West Marine and their management team offer financial and technical support.
West Systems Epoxy sponsors their resins and offers technical help.
Matt Butler of San Rafael Yacht Harbor has provided aid to Call of the Sea free of charge, from stepping the masts to helping make the dock safer for boarding our ships.
Q: How long did it take to build?
A: About 7 years. The keel was set in October, 2013.
Q: How much did the ship cost to build?
A: The total cost of the ship was $6 million dollars. This cost covered the construction of the vessel and the development of educational programs.
: Where did the funding come from?
A: Funds were received, both small and large donations, from individuals and Foundations that share our values and support our mission.
Q: What makes this ship sustainable?
A: All the materials and methods used are of the highest sustainable and recyclable standards available. The ship will produce her own energy and propulsion needs through a state-of-the-art hybrid system using wind power to produce electrical generation.
Q: What’s the historical connection?
A: The vessel is inspired by renowned Bay Area ship builder, Matthew Turner, and his design Galilee, which came to rest at the foot of Napa Street in Sausalito. Her stern is permanently on display at Fort Mason in the GGNRA.
Q: What’s the ship’s purpose, who will sail on her?
A: The ship’s purpose it to connect people of all ages to the sea through sailing. She will serve as an educational platform for Bay Area youth.
Q: Where is the ship be docked?
A: Thanks to the Army Corps of Engineers, she is docked at the Bay Model Visitor Center’s Pier in Sausalito. This location allows students to learn about the Bay’s unique geography and hydrology on shore, and on deck.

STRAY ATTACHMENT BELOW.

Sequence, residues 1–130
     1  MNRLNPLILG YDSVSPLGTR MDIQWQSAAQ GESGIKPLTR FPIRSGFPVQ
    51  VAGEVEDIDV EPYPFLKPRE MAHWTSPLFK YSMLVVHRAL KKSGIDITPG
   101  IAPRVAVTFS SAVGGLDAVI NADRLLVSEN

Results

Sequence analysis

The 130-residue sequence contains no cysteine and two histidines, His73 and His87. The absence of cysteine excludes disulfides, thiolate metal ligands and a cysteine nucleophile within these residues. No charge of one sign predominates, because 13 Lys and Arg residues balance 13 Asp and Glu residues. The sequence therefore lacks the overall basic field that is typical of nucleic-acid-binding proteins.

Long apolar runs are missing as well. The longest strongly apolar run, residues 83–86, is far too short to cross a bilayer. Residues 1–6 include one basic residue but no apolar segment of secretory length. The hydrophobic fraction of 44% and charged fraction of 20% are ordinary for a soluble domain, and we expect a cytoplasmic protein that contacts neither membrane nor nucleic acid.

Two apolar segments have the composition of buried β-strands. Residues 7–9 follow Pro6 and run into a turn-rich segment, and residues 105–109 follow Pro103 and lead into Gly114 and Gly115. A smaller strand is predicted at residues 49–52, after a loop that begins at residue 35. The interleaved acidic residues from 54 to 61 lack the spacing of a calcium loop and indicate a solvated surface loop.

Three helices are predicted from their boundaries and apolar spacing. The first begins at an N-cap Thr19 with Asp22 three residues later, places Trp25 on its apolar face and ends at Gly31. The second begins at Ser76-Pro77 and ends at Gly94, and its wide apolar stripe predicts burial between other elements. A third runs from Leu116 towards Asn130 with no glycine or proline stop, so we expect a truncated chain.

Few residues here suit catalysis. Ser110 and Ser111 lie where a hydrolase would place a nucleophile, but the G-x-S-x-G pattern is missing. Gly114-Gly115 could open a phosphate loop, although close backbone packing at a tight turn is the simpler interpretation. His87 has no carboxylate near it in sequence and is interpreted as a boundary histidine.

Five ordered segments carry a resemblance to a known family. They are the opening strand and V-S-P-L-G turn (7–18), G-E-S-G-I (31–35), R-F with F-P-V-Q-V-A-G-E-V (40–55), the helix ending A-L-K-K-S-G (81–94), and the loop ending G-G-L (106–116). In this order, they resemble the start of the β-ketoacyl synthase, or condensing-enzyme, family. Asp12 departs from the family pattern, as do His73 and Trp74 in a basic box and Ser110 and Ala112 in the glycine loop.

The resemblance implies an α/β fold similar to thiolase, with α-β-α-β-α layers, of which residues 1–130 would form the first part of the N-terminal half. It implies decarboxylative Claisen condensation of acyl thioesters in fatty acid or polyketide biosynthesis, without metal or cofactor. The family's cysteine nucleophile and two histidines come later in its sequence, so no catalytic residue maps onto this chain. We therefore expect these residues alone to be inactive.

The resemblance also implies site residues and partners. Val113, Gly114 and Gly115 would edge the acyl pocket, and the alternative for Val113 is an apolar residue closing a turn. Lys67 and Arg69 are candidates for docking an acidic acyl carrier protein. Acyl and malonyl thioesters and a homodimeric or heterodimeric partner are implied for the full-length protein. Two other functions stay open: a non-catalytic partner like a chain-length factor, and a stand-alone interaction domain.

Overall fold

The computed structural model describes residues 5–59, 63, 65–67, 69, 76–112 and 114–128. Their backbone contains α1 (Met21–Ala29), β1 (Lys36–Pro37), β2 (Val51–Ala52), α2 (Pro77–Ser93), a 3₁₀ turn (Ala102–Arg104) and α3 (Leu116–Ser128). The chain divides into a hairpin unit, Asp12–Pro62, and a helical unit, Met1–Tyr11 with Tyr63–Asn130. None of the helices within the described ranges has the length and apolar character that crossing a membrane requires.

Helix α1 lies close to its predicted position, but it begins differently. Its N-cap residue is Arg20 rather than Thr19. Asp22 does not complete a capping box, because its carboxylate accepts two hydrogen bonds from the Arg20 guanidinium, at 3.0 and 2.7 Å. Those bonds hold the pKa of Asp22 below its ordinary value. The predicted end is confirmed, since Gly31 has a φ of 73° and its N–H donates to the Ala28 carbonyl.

Q: Who built it?
A: Educational Tall Ship, Inc., former 501(c) 3 non-profit organization, began the project under the direction of Alan Olson. ETS then merged with Call of the Sea, and the project was lead by Alan Olson. Tri-Coastal Marine, Inc’s naval architects and their engineers oversaw quality control and acted as agents for USCG vessel certification. The building crew was made up of Bay Area shipwrights, carpenters, marine technicians, volunteers and students.
Q: Why are you using wood?
A: Wood is a renewable local resource that is environmentally friendly. We used sustainable timber with a FSC designation. By building with traditional methods, we honor the knowledge, skills and master craftsmanship historically used in our nineteenth century San Francisco ship yards. With proper maintenance, we believe this ship will still be sailing for a hundred years.
Q: Why build in Sausalito?
A: Sausalito was a great place to build due to its central location, easy public access and strong community support. There is also a vibrant boating community with many skilled maritime workers who benefit from the commerce and exposure. Building in Sausalito honors its long-standing maritime traditions and offers opportunity for the waterfront community to be acknowledged as maritime leaders in the Bay Area.
Q: Why so many sails, what’s a brigantine?
A: The eleven sails offer a perfect opportunity to engage many students in an exciting and meaningful hands-on experience. They must use team work and communicate well to power the ship safely. Brigantines have square sails on the fore mast for down wind and beam reach sailing. They were an advanced design and a technologically superior rig in the 19th century for both ocean passages and coastal sailing. They were displaced when steamships became cheaper to operate. Going aloft into the rig to set and take in the square sails is a rite of passage and an experience that is never forgotten.